Fighting "McMansions" and other elusive beasts

I have become increasingly disillusioned with Neighborhood Conservation Districts, Chapel Hill's attempt to manage change in our delicate, older neighborhoods. I have always seen them as way to protect the character of neighborhoods as they evolve over time. I'm afraid they are being used more as a tool to stop any change or growth in the areas entirely. In my opinion, this is neither healthy nor fair.

So I was intrigued to learn that Carrboro has taken a different approach to this problem:

The Board of Aldermen sat down Tuesday in another bid to hash out its architectural standards. But there was little agreement other than the idea that they must preserve the town's individual character without allowing in mega-developments with McMansions.
- Carrboro building standards elusive

Chapel Hill's NCDs also include design standards, but only as an afterthought and with no real enforceability. I wonder if this would be a better approach to identifying and preserving the character that we all value while making room for the inevitable tide of new Chapel Hillians.


Ruby, I too am concerned about the neighborhood conservation districts. It seems that many of them have been developed, not to preserve the character of the neighborhood but to prevent shoddy duplexes from replacing shoddy single family houses. The flip side is to prevent large new houses from taking over where 50's style ranches rule 2 acre roosts.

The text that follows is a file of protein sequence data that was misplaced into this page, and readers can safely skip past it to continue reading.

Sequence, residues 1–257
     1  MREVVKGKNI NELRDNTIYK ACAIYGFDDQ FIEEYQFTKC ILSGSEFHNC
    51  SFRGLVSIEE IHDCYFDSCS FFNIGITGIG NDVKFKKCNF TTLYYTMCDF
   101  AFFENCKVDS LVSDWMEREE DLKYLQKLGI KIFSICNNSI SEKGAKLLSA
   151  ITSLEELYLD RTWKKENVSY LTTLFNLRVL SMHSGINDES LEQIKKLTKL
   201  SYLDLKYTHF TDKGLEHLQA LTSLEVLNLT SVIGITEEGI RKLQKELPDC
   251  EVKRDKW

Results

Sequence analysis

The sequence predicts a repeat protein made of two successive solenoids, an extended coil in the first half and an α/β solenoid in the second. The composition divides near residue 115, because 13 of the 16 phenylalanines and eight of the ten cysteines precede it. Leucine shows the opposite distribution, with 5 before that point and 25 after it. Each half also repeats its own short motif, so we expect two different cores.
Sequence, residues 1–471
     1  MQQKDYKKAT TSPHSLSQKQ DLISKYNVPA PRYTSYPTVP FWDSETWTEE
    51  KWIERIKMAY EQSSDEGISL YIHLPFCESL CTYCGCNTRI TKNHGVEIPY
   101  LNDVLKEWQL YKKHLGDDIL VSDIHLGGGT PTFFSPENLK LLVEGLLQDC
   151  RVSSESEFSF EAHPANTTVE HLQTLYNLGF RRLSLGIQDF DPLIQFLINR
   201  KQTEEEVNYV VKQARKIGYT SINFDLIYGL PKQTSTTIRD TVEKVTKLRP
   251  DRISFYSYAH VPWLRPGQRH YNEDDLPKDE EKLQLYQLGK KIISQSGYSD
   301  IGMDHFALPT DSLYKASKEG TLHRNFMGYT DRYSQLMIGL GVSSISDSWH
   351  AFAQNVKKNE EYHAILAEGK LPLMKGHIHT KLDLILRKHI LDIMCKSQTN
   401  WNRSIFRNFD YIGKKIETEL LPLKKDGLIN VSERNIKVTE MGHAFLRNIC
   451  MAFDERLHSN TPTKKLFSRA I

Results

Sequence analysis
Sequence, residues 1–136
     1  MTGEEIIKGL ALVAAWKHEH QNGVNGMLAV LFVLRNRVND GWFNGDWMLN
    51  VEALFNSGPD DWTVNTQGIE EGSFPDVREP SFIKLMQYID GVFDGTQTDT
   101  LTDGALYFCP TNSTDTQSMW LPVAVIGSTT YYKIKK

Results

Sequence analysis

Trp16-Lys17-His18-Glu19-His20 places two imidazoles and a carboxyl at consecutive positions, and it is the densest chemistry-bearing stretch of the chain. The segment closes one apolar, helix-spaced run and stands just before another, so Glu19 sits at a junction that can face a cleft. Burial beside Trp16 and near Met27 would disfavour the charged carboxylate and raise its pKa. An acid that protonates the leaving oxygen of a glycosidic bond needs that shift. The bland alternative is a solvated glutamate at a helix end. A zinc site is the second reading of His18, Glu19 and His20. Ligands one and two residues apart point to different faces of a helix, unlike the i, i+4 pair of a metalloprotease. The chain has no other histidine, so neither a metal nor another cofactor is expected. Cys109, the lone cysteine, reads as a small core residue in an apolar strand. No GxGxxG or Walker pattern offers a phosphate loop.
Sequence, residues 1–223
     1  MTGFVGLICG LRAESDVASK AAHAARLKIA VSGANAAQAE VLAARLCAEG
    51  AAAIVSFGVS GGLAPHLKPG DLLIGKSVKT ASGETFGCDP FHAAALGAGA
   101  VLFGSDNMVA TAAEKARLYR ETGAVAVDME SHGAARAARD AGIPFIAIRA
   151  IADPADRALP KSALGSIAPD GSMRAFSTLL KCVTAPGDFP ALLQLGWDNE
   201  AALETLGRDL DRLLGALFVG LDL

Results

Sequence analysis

Northside and Pine Knolls are two prime examples of neighborhoods that should be seeing explosive amounts of revitalization. The reason they aren't is because a very high percentage of the homes are owned by absentee landlords who are content to collect rent checks and let the housing stock decline to the point of blight. That is compounded by both Chapel Hill and Carrboro not caring enough about the areas or the people who live there to enforce laws, build sidewalks, put up street lights, etc...

Some of those in-town lots are great candidates for subdivision or the construction of duplexes, some are not. Instead of just putting out a blanket ban on duplexes or infill, how about setting up some standards for construction and design, enforce the existing laws that make the neighborhoods safe and appealing, and letting the market work. Infill and duplexes done properly are both GOOD. Remember walkability, getting out of cars, living smaller, not larger, all that liberal stuff many of us purport to believe in?


My neighborhood is seeking an NCD because we are indeed upset by a new development of McMansions in our midst. We are also upset by the increase in the number of houses not occupied by their owners, as well as other issues.

I look to you as a member of the Planning Board to provide guidance in ways to protect our neighborhood's character.

If you have suggestions for ways to improve the NCD or to achieve our goals in some other way, I'd love to hear them.

You seem to be saying that something called "design standards" can help neighborhoods "evolve", i.e., change some, without losing their character. Is this correct?

Could you tell us more about how that might work? You reference an article describing how hard it is to agree upon design standards, so I'm at a loss as to how to think about this.

-- ge